Godmother Eleanor scares the shit out of Dorota by attempting to eat the baby Anastasia, then saying she never wants to go back to Paris, because she loves the baby. Nobody even blinks about the fact that Eleanor already had a baby of her own, and broke it -- they just accept that Dorota raised Blair and that this is the first baby Eleanor has ever dealt with. Downstairs, Dan figures out that Nate at some point sent Vanessa the picture of them in bed together. In Haiti, there is no Gossip Girl, but there is Nate. In addition to asserting that their relationship was "so easy" because they didn't know each other as well as the NJBC, which: what show are you watching, they also agree that Nate is within his bitchy little rights to break up Dan and Vanessa after she's been gone for literally a day.
One of the things in Wharton or Austen or Thackaray that you get used to is that there are always going to be scoundrels, but you rarely get to meet the girl half of the equation. Darcies will always embarrass nameless third daughters, and Willoughbys will always run away with the vicar's sister. She's a ruined lady, possibly crazy, definitely not the kind of person your heroines are ever going to come across. And of all the things I love about this episode, the part where Jenny's liminality is leveraged against that fact is one of the best, because it creates two of the greatest scenes in the episode, both of which -- not by coincidence -- feature Blair and Chuck.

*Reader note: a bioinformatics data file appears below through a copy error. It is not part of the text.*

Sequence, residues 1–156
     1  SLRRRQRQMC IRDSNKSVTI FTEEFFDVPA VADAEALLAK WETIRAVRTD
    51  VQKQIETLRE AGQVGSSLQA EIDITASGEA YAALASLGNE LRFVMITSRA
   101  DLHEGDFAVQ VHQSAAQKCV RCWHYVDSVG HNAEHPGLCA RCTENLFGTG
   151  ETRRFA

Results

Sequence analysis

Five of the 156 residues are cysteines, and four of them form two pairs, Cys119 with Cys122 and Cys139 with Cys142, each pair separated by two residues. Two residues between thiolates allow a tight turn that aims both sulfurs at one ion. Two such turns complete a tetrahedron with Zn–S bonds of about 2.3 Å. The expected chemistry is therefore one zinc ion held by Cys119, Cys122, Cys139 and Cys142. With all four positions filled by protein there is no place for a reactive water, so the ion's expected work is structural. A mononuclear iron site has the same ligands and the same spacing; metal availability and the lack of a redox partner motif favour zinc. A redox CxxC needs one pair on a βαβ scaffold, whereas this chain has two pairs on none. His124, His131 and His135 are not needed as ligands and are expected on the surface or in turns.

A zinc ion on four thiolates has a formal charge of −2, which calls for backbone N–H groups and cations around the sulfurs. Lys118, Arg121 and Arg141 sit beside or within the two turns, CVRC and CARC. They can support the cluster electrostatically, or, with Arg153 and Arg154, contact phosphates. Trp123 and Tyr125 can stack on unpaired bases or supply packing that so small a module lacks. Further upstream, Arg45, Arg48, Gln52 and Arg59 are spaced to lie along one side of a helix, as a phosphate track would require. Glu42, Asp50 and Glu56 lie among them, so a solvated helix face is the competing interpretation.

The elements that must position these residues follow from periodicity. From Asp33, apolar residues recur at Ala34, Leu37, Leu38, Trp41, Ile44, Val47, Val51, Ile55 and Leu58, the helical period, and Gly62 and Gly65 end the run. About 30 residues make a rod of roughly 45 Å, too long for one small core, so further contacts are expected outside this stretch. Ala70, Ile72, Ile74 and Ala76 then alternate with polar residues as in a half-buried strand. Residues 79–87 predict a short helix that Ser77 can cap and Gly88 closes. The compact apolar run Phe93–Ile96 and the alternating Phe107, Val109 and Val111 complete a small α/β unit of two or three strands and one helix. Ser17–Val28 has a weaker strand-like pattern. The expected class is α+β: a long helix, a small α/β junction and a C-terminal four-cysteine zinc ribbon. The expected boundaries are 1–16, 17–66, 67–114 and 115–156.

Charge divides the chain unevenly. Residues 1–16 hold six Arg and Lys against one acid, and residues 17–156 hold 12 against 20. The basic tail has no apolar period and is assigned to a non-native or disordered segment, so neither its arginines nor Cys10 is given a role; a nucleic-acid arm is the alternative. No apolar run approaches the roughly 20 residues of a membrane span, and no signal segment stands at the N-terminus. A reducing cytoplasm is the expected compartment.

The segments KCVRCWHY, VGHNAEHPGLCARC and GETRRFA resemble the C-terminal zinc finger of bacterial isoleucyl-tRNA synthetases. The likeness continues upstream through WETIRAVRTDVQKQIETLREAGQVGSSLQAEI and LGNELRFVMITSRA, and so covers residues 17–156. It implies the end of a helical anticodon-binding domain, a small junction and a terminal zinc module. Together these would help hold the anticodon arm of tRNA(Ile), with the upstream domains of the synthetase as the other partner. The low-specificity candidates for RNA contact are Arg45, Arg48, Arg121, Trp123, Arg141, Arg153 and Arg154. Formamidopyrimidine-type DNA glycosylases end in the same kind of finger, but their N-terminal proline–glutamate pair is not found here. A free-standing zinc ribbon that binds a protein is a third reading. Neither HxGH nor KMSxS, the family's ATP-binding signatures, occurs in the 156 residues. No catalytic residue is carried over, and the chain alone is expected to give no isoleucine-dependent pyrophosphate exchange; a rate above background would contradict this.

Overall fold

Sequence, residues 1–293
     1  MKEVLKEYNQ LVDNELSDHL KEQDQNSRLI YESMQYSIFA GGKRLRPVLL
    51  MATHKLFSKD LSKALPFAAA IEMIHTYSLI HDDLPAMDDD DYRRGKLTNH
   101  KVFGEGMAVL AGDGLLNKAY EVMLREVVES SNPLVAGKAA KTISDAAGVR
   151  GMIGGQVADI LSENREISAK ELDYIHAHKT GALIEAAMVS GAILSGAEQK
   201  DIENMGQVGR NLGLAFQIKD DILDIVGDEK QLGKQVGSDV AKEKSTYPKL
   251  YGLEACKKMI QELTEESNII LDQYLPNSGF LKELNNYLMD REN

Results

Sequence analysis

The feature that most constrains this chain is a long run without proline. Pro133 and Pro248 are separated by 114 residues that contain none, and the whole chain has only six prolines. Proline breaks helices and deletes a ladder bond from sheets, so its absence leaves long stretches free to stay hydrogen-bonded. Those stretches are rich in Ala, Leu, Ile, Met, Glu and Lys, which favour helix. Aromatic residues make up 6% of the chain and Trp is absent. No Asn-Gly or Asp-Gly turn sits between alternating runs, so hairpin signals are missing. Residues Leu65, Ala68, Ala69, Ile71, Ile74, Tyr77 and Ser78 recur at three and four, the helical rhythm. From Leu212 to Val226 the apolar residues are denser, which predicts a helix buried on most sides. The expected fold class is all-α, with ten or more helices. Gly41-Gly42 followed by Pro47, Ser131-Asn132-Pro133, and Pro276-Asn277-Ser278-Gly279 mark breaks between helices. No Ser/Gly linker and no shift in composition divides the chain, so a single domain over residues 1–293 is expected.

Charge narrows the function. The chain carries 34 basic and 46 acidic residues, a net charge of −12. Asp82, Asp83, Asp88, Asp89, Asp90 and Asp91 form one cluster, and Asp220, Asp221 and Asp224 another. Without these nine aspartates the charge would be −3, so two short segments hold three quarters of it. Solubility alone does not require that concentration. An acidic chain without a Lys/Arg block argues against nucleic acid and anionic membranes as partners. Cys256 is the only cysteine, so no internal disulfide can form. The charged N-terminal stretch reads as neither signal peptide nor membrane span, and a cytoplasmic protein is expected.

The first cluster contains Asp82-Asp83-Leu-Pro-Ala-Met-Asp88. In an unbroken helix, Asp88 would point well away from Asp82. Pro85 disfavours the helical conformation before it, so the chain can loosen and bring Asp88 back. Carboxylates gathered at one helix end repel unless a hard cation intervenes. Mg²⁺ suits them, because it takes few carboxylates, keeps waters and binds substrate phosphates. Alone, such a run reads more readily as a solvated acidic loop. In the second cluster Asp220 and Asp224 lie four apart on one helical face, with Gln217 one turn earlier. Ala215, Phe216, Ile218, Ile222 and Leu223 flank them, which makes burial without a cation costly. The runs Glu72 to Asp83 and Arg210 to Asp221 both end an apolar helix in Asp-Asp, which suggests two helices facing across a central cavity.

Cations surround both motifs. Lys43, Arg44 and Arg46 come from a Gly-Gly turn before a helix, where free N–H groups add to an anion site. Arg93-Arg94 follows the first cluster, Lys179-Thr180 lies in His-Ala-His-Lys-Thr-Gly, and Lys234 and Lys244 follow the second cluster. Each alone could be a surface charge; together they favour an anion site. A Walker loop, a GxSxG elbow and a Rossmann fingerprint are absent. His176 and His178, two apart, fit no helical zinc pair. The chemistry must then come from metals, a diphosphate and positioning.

The entire show, the entire story, these two characters who have always acted as the UES's immune system, takes every possible opportunity in this hour to say, "You do not belong here." Almost as if the story itself is pushing, pushing, pushing her out. Almost as if it has been doing so for three years. Almost as if all her madness and grasping and hard-won power came from somehow knowing it would lead here, eventually. That she was only ever going to be granted temporary leave from her real life. In that case, all the heightened reality, from "Glamorous" to the Masked Ball to her jagged Cotillion gowns, puts her right where she needed to be, in order to keep the show moving and alive. I'm not saying the show is about her character, but I do believe that her character has always been about the show, more than even Serena's has been.